Wednesday, 11 May 2011

Litho Verses Gravure

Reports are circulating that the Machin pane from the William Morris Prestige booklet was printed in Gravure by Walsall Security Printers (not litho, Cartor) as first reported on these pages. Has anyone confirmed this? Many thanks to Cathy (see comments) this pane is printed in gravure, but Cartor remain the printers. The previous prestige self adhesive pane (King George) was printed by Walsall, so this is where the confusion arises from. Once again thanks go to Ian Billings for putting the story right.

The second thing on my agenda today is a little light reading and my give you a giggle.

Did you know that my Sir Name was Simpson? I have been given several nick names in the past, but the latest from my close friends is that of Homer, surely it must be something to do with my Sir Name.

I do not resemble him one bit!!


Cathy said...

They look gravure to me with a DOP to the left, I thought it had been confirmed by the RM that they were gravure from Cartor. (Source

Of course the precedent of King George V would suggest they were from Walsall.

Machin Man said...

Thanks Cathy,

I had not seen Ian's change of description. Cartor it is then, which is incidentally a subsidiary of Walsall.

Glenn Morgan said...

Sheet-fed litho production is centred on Cartor, with gravure and litho reel-fed production at Walsall. This was a conscious business decision according to Paul White, MD at WSP, when I interviewed him 18 months back.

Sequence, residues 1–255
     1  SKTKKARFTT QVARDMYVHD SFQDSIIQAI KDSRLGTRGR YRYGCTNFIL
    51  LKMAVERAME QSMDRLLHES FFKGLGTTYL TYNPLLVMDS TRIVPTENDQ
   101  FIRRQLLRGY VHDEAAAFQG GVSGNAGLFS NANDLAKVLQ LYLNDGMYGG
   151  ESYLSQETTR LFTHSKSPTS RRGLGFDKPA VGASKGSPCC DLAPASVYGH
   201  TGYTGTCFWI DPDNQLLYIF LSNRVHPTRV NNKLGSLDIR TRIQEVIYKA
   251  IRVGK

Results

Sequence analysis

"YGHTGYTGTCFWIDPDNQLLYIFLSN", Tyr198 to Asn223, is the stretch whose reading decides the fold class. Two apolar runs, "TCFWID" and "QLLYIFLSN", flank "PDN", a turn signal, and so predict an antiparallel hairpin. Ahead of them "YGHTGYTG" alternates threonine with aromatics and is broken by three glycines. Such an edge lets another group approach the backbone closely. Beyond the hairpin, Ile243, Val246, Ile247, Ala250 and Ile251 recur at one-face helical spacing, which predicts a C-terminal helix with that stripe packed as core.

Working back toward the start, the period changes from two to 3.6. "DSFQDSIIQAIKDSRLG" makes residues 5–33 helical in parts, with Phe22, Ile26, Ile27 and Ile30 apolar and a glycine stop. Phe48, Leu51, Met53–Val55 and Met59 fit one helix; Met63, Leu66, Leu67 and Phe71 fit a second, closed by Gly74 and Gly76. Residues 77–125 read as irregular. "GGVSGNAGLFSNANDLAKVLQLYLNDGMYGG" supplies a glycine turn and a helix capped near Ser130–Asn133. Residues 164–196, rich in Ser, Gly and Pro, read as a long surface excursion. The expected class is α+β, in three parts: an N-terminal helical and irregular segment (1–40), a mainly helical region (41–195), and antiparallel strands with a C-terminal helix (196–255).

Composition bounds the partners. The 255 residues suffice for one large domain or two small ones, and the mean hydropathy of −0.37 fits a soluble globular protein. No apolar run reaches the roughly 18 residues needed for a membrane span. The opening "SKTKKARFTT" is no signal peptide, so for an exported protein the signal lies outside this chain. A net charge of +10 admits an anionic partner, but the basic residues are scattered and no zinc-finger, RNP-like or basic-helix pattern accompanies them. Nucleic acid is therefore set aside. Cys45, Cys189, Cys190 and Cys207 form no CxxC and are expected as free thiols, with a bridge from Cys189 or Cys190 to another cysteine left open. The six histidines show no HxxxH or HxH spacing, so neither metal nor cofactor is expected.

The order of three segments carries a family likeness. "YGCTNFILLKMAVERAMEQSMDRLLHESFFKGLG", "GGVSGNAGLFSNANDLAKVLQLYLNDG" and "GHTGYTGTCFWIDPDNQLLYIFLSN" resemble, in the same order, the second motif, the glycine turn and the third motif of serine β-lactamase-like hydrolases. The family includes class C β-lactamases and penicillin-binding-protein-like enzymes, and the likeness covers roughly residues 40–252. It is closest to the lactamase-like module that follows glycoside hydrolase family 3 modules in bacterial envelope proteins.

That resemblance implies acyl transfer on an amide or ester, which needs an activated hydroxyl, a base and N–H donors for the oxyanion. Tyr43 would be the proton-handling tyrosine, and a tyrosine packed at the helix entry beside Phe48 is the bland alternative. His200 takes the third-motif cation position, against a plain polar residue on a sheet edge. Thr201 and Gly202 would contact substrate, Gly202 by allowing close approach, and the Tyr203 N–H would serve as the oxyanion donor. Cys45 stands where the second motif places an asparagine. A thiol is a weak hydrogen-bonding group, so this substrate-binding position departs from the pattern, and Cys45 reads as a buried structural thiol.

He told me: "Until recently, work was allocated between plants on the basis of capacity, whereas now Cartor will undertake sheet-fed litho work (the smaller print runs), and WSP the web-fed gravure and web litho orders. A reallocation of presses reflects this strategic change within the Group."

So, unless Cartor / Walsall has re-allocated presses between factories again in the past few months*, which seems highly unlikely, Cartor does not have any gravure printing capability on-site. It could not, therefore, have printed the PSB panes, unless by litho.

The uncertainty as to the process used goes to prove how superb litho printing has become, for only a short while back the difference would have been visually obvious.

*Cartor's plant list as of last October comprised only litho presses according to Ian Brigham, MD at Cartor, when asked the question at a stamp printing seminar held by RPSL in London.